Mucha M., Frigato T., Levering L., Allen H.C., Tobias D.J., Dang L.X., Jungwirth P.:
Unified Molecular Picture of the Surfaces of Aqueous Acid, Base, and Salt Solutions.
Journal of Physical Chemistry B 109: 7617-7623, 2005.
Below is the cover page of a 2004 Australian Journal of Chemistry issue showing our simulations of ionic surfactants: aqueous tetra-butyl ammonium fluoride with cations at the solution/vapor interface.
Vrbka L., Jungwirth P.:
Counter-Ion Effects and Interfacial Properties of Aqueous Tetrabutyl Ammonium Halide Solutions.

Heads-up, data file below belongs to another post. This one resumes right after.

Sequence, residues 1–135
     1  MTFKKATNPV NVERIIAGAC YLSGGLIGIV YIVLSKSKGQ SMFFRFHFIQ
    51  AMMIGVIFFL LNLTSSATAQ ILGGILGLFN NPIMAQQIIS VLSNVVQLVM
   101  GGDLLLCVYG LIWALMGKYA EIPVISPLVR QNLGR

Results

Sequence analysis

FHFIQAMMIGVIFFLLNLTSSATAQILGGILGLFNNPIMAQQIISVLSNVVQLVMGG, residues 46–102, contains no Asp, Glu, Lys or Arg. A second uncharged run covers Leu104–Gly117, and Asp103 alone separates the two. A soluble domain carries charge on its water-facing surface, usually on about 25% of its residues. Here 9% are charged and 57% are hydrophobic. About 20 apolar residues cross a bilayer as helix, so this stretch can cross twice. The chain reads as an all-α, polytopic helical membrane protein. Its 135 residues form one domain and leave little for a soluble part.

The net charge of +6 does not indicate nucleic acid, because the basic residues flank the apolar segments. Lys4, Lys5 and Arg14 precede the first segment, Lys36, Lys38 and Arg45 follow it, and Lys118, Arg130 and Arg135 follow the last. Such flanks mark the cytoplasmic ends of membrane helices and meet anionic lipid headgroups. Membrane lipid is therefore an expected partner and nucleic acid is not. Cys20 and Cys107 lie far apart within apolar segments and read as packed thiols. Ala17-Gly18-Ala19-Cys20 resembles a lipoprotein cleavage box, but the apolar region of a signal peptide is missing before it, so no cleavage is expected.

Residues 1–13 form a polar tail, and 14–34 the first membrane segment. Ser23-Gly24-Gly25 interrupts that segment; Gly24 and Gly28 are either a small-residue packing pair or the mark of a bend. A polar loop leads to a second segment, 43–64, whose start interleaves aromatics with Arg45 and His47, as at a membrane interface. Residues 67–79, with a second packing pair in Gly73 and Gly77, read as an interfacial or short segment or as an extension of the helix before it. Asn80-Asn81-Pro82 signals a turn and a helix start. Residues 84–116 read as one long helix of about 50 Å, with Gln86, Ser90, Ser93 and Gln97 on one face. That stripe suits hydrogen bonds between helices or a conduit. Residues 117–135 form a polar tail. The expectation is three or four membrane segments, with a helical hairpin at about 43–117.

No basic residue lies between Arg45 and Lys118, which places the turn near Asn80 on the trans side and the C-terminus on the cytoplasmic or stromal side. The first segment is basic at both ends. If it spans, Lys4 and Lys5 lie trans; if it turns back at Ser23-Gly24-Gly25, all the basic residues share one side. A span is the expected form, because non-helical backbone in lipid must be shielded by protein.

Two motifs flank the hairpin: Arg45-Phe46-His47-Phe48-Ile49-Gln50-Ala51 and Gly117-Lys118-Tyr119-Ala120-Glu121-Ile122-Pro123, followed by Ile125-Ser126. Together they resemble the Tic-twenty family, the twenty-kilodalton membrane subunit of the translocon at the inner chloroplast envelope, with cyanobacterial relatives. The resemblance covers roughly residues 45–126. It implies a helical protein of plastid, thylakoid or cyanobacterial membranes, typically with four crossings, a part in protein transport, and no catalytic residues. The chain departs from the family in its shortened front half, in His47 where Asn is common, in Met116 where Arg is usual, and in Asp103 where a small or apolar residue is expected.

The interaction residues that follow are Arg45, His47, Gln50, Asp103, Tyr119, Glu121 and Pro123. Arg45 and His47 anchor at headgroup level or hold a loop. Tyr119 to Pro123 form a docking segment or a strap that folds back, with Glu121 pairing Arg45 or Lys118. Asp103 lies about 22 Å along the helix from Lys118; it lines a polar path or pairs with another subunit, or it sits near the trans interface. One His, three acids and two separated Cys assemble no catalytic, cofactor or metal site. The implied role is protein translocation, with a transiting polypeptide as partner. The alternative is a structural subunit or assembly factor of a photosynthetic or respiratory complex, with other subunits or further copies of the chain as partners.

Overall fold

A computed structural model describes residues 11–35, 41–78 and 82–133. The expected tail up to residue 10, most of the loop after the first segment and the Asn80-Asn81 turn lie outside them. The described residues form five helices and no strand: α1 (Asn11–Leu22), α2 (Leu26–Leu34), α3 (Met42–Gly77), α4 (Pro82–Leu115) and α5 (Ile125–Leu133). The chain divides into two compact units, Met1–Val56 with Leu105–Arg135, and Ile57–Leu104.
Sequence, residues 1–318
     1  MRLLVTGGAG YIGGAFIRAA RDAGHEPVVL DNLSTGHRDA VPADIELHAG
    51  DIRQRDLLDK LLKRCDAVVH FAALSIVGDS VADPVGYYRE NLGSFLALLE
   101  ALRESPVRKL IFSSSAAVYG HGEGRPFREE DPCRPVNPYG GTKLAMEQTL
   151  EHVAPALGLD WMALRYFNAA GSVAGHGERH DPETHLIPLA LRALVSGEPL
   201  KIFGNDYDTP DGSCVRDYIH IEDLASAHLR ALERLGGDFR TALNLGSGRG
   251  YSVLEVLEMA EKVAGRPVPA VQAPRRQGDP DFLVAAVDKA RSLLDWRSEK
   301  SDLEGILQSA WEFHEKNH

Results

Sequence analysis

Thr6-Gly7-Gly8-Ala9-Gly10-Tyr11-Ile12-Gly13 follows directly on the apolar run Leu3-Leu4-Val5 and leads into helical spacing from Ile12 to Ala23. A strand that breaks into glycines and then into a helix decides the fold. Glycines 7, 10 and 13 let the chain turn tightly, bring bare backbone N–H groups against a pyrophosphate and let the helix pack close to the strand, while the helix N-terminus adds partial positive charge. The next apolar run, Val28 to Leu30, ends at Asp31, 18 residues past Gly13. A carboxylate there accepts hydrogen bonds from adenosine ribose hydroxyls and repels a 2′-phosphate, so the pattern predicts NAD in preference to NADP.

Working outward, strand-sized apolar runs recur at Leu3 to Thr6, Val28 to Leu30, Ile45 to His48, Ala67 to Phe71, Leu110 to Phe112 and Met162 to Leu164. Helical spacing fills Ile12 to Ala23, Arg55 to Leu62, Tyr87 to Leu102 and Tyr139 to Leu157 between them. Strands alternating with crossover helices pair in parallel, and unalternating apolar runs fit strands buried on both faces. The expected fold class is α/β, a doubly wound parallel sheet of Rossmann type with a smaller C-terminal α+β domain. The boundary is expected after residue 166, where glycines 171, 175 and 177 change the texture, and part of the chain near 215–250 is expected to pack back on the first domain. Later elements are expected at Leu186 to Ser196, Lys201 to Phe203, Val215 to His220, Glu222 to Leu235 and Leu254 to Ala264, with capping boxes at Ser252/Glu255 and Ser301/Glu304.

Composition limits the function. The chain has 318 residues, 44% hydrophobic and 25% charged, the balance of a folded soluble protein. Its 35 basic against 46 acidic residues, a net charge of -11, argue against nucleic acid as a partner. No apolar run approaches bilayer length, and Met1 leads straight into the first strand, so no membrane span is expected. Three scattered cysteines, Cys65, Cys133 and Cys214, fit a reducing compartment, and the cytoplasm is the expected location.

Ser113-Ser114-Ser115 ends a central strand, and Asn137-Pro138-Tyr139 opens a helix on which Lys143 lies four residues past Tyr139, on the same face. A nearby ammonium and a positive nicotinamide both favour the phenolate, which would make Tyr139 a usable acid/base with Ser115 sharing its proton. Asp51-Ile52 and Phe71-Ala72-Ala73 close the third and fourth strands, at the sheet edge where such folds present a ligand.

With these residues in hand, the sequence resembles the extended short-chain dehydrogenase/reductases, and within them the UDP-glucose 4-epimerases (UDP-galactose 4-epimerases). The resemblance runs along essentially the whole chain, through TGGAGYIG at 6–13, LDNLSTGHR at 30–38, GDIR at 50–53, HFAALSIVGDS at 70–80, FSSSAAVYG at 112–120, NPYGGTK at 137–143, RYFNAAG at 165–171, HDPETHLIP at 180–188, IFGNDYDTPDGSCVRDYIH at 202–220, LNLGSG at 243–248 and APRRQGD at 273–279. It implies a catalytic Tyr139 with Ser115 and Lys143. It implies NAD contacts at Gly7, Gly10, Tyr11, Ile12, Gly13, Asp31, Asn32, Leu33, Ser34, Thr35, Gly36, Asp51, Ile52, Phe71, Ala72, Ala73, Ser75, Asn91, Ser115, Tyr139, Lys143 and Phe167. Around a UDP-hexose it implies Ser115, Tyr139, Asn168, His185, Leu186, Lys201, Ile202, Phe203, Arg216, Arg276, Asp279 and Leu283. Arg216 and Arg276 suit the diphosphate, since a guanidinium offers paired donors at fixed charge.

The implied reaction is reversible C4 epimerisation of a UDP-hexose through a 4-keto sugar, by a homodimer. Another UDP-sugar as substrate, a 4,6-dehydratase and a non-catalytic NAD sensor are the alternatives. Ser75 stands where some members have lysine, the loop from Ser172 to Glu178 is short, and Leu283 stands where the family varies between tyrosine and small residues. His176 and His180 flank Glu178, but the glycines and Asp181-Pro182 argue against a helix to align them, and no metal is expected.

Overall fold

Australian Journal of Chemistry 57: 1211-1217, 2004.
Below is the cover page of a 2002 Journal of Physical Chemistry B issue containing our Feature Article "Ions at the Air/Water Interface" which summarizes our results on the propensity of heavier halides (chloride, bromide, and iodide) for the air water interface.
Jungwirth P., Tobias D.J.:
Ions at the Air/Water Interface.
Journal of Physical Chemistry B 106: 6361–6373, 2002.